May I sprinkle you? – Easter customs

Easter is considered to be the greatest holiday in the Christian world, however, due to the additional holidays and customs associated with it, we prefer to name this period as the Easter holiday circle. In addition to its biblical implications, it is also referred to as the Feast of Coming of Spring. Since there is no set date for the Easter holiday, it is related to the spring equinox, the first full moon that follows, and is therefore considered a moving holiday. In the frame of my writing, we take a brief look at biblical relevance and festive traditions.

Biblical story

Religiously, the crucifixion of Christ happened on a Friday, after which, according to the Bible, he resurrected on the third day, Sunday. In the wake of these events, he redeemed the sins of people by his death, and by his resurrection he overcame death. The Sunday before Easter, when Christ arrived in Jerusalem, is called Flower Sunday, and the day of his crucifixion is called Good Friday.

Balatoni Múzeum kisgrafika – Kellemes húsvéti ünnepeket kíván a Póka család

Balatoni Museum’s small graphic – Family Póka wishes a happy Easter holiday – Balatoni Múzeum CC BY-NC-ND

Folk customs

There are many customs and traditions associated with the Easter holiday circle. Most of these were not only adopted by the church but also remained among the customs of the community.

03_560925.jpgOn Flower Sunday, the first major custom was “kiszehajtás”. This tradition was used to drive away winter instead of religious attachment. The ”kisze doll”, also known as the “frump”, which was usually a straw doll, was dressed in a bride’s clothes and then carried through the village as a symbol of winter, sickness, and fasting and it was thrown into the water, or burned to expel them. Subsequently, in many places, girls walked around the houses with decorated tree branches called “villő”, asking for the coming of spring, which we refer to as “villőzés”.

04_731863.jpgWithin the Holy Week, the most important customs are to be held on the three holy days of Easter. These include Good Thursday, Good Friday and Good Saturday. On Good Thursday, the bells fall silent, and do not ring until Good Saturday. It is believed that the bells “go to Rome” to mourn Christ there. Good Friday is strictly a time of fasting and mourning for believers. It is forbidden to eat meat on this day and they are allowed to eat their fill only once during the three meals of the day. According to folk superstitions, this day was unfortunate. On this day it was forbidden to do any work; they did not light a fire, they did not weave or spin. The fasting ends on Good Saturday and the bells can ring again. This day was also seen as a symbol of new hope, which was further expressed by the consecration of fire.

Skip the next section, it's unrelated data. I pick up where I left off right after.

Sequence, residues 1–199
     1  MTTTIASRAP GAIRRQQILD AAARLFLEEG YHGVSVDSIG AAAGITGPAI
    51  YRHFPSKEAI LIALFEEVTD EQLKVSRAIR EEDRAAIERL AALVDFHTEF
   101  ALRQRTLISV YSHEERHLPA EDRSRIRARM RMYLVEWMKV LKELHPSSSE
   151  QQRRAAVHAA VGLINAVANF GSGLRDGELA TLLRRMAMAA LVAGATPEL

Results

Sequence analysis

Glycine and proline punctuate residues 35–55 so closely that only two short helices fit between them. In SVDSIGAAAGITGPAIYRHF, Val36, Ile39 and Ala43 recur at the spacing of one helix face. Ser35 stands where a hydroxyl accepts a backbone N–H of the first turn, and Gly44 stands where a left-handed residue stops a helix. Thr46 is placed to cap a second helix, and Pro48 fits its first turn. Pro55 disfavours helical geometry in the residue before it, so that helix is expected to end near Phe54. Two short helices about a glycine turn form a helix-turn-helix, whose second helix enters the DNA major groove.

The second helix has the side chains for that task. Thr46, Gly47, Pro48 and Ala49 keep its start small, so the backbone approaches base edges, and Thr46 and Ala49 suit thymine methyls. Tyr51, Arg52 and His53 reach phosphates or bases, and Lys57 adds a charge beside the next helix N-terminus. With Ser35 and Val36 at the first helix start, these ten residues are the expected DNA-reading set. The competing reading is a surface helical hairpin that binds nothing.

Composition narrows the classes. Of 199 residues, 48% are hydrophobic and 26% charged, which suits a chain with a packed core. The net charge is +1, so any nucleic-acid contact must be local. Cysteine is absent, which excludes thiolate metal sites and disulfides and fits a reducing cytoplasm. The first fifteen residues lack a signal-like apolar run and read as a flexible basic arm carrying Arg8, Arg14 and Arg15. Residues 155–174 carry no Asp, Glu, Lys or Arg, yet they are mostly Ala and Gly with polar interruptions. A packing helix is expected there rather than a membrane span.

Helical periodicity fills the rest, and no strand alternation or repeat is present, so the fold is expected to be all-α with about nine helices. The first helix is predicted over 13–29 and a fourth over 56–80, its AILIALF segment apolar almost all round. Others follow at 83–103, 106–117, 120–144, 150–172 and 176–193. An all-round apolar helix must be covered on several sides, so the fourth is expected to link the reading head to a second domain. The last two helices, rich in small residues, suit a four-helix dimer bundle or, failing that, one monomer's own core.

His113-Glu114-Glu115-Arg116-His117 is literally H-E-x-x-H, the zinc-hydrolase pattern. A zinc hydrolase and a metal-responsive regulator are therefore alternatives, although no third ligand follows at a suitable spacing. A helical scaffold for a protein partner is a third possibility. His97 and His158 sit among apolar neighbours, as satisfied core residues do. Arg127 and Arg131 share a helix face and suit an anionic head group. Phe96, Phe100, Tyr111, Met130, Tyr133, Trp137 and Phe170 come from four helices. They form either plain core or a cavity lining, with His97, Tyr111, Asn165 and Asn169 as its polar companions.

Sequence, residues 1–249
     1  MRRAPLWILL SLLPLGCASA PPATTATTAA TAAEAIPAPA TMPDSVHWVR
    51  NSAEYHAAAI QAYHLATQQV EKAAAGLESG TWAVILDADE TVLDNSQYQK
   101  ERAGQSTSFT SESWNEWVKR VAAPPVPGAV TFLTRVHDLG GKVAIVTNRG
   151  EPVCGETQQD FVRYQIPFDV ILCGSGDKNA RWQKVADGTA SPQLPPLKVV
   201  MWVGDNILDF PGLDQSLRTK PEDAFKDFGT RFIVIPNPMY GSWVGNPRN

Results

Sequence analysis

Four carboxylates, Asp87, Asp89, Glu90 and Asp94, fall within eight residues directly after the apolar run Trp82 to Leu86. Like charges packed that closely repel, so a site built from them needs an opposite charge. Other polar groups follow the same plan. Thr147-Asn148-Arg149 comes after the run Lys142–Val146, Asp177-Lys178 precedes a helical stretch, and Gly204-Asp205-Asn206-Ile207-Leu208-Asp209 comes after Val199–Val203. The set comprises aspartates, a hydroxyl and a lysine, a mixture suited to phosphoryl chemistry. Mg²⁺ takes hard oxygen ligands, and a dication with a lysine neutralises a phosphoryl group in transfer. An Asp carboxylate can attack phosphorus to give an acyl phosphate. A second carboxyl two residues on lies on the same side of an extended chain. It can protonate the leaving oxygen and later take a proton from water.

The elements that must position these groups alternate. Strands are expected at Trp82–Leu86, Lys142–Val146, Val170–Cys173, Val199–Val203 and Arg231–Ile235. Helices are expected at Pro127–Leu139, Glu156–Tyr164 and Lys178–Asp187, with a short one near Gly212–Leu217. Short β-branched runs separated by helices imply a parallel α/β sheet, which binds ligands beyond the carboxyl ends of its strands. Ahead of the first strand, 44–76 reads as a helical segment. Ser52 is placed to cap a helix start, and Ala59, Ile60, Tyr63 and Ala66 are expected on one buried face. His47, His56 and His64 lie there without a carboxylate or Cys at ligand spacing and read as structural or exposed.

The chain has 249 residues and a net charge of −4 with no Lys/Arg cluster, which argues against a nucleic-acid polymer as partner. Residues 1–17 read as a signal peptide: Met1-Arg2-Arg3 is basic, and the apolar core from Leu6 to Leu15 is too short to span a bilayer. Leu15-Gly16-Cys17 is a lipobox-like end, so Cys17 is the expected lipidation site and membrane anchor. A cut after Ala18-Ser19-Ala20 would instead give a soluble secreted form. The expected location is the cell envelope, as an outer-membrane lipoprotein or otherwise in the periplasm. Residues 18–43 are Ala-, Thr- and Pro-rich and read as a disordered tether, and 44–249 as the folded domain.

On Easter Sunday, Christians celebrate the resurrection of Jesus Christ. Work was also forbidden on this day. According to folk tradition, family members had to eat Easter eggs together then, which symbolized “returning home”.

05_731842.jpgPerhaps the most famous and well-known habit of the Hungarian Easter celebration is watering or sprinkling women on Easter Monday, and painted eggs can also be associated with this day. On this day, men set out early in the morning to visit every house on their way and sprinkle the girls and women living there, and tell them some poems or songs. In exchange for watering, they were given red eggs, which today were replaced in some places by a shot of brandy or, in the case of younger boys, a little spending money. The habit stems from the cleansing power of water and the faith placed in it. The tradition lives on in most Hungarian villages even nowadays. In some places quite authentically, the girls dress in folk costumes and paint red eggs, waiting for their sprinklers. Traditionally, the Easter Tuesday was the day of the re-watering, when the girls poured cold water around the neck of every oncoming boy.

Dóra Besze

student of ELTE BTK Library-
and Information Science Institute


Translated by Zita Aknai




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